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Get Back on Your Feet After Bankruptcy

After a bankruptcy, it can be hard to get back on your feet. However, it is possible to rebuild your credit after bankruptcy, but it will take time and effort. At Oregon Fresh Start, we can help you rebuild your credit and get back on your feet.

Call us today at (541) 262-0040 to get started on your credit repair!

The Bankruptcy Process

In the United States, bankruptcy is governed by federal law. The process begins when a person or business files for bankruptcy. The court then appoints a trustee who will administer the bankruptcy estate. The debtor then must file a statement of financial affairs and a schedule of assets and liabilities. If a debtor fails to do this, the court may dismiss the bankruptcy case.

Once the court approves the bankruptcy petition, the following steps will begin:

  • The court will issue an automatic stay, which stops creditors from any further collection activities.
  • The court will hold a hearing 30 days after the automatic stay is issued. The court will then decide whether the bankruptcy will be approved or dismissed.
  • After the bankruptcy is approved, the court will issue a discharge order. The discharge order discharges the debtor from any remaining debts after the bankruptcy proceedings.

What Is a Chapter 7 Bankruptcy?

A chapter 7 bankruptcy is a type of total bankruptcy. This type of bankruptcy is sometimes called a liquidation bankruptcy because the court will liquidate the debtor's assets to pay off their debts. A chapter 7 bankruptcy can be beneficial because it provides a fresh start for people who have too much debt and no way to pay it off.

Chapter 7 bankruptcy is useful for:

  • People with little to no income
  • People who have a lot of debt
  • People who want to discharge most of their debt

Under a chapter 7 bankruptcy, certain debts cannot be discharged. These debts include taxes, student loans, and child support. If you want to discharge these debts, you may want to consider a Chapter 13 bankruptcy.

What Is a Chapter 13 Bankruptcy?

A Chapter 13 bankruptcy is also referred to as a reorganization bankruptcy. This type of bankruptcy is for people who have a regular income. A Chapter 13 bankruptcy reorganizes the debtor's debts into a payment plan that lasts for three to five years.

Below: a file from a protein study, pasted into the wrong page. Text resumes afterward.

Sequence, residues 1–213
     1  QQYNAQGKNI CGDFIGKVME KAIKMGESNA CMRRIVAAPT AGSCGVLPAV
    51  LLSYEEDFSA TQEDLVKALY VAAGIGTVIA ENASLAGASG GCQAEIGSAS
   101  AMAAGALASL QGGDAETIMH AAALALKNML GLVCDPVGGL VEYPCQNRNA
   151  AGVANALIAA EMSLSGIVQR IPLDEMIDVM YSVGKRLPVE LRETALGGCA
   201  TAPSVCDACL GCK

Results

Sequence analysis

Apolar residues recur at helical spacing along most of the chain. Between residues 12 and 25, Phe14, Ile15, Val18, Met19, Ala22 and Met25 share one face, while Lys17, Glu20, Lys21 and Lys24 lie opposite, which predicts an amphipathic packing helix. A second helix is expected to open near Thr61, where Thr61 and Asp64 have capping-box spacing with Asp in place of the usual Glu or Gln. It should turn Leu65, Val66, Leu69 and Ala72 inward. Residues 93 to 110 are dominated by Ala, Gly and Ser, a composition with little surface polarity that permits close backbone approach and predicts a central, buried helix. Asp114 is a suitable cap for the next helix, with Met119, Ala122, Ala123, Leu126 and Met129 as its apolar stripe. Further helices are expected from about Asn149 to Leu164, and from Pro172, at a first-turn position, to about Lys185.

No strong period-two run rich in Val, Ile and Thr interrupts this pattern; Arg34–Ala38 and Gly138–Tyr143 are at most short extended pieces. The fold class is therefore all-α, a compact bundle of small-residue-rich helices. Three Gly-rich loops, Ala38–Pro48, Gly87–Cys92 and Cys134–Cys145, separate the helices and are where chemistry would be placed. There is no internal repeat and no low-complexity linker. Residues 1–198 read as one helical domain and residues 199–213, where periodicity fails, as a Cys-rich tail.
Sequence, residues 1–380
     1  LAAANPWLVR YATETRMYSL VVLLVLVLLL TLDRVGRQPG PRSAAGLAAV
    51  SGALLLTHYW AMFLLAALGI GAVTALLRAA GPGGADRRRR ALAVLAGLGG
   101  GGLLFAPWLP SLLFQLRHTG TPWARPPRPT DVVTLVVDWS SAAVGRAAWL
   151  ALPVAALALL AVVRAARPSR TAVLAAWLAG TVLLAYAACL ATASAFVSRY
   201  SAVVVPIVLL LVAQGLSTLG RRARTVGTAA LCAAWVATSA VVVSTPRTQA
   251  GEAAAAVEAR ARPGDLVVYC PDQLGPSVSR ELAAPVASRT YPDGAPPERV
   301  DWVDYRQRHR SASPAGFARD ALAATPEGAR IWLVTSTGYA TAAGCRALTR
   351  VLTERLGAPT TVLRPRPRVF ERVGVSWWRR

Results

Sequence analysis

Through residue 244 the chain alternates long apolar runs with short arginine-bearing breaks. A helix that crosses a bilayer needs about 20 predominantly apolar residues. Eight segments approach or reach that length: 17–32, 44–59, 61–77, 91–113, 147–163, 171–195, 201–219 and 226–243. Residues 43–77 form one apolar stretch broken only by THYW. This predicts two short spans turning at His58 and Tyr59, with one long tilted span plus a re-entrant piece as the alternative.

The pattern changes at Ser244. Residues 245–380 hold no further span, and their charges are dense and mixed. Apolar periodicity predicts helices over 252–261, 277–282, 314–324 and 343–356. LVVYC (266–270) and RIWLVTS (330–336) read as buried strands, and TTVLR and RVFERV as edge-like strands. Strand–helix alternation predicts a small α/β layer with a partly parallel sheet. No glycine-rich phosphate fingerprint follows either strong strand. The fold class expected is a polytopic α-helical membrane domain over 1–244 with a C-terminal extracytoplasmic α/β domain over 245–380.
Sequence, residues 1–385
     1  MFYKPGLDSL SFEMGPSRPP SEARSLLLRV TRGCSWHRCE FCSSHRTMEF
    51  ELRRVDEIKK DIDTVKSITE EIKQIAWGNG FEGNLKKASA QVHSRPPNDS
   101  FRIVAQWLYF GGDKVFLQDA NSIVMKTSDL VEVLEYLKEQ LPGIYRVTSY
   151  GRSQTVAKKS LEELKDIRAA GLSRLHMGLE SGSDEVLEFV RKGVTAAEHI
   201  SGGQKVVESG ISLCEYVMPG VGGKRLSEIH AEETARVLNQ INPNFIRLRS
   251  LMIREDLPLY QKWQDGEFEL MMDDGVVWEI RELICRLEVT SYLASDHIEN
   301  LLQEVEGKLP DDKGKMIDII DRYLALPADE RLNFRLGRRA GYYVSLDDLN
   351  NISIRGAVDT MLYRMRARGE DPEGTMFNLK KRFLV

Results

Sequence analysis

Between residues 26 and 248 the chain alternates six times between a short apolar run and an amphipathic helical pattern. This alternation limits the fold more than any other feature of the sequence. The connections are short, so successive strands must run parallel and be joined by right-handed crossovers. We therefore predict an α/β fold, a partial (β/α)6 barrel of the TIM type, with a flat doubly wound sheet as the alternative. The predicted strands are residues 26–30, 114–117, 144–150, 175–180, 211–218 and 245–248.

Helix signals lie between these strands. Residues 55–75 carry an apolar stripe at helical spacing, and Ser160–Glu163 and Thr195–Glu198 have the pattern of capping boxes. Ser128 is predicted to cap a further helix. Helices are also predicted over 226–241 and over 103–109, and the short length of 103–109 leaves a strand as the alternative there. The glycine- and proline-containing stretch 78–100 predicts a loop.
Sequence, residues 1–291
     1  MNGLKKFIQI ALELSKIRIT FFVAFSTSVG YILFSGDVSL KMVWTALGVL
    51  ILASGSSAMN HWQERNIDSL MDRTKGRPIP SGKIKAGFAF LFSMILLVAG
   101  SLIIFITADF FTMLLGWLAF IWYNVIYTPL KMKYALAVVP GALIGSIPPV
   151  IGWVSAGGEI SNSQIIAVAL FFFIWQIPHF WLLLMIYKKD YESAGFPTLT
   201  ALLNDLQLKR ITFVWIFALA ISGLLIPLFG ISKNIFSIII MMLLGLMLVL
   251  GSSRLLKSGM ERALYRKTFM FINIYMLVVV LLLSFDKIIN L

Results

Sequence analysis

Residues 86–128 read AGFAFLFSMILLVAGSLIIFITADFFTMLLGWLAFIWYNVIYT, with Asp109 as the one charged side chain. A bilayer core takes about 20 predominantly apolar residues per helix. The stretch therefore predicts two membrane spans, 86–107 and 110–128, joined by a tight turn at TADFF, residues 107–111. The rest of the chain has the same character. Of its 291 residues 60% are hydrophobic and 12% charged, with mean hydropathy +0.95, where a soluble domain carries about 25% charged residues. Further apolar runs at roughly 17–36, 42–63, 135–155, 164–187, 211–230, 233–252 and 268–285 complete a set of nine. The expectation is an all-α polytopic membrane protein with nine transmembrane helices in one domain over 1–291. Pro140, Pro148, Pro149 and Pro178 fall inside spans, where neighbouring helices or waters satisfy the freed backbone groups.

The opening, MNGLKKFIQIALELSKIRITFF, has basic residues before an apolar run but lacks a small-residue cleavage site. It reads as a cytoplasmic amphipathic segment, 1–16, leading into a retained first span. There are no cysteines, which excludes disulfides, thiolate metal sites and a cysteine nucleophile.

Chapter 13 bankruptcy is useful for:

  • People who do not qualify for a Chapter 7 bankruptcy
  • People who have a regular income
  • People who want to keep their property

Chapter 13 bankruptcy is often more complicated than a Chapter 7 bankruptcy. If you are considering Chapter 13 bankruptcy, it is a good idea to consult with an experienced bankruptcy attorney. At Oregon Fresh Start, we have years of experience helping people rebuild their credit after bankruptcy. Let us help you as well.

What Is the Difference Between Chapter 7 and Chapter 13 Bankruptcy?

There are several differences between Chapter 7 and Chapter 13 bankruptcy. The most significant difference is that Chapter 7 bankruptcy involves liquidating the debtor's assets to pay off their debts. Chapter 13 bankruptcy involves a payment plan to pay off the debt within three to five years.

Other differences between Chapter 7 and Chapter 13 bankruptcy include:

  • The amount of debt you can have in Chapter 7 bankruptcy is much lower than the amount of debt you can have in Chapter 13 bankruptcy.
  • Chapter 7 bankruptcy is a faster process than Chapter 13 bankruptcy.
  • Chapter 7 bankruptcy requires the liquidation of assets while Chapter 13 bankruptcy requires the repayment of debt over a period of time.
  • Chapter 7 bankruptcy is often referred to as a "straight bankruptcy" while Chapter 13 bankruptcy is often referred to as a "reorganization bankruptcy."

What Is the Difference Between Chapter 7 and Chapter 13 Bankruptcy?

When it comes to bankruptcy, people often wonder what the difference is between Chapter 7 and Chapter 13 bankruptcy. In this blog, we will explain the differences between these two types of bankruptcy.

Chapter 7 bankruptcy involves:

  • Liquidating assets to pay off debts
  • The automatic stay, which prevents creditors from further collection activities
  • A discharge of remaining debt

Chapter 13 bankruptcy involves:

  • A payment plan to pay off debts over time
  • The automatic stay, which prevents creditors from further collection activities
  • A discharge of remaining debt

Have Questions?

We Have Answers!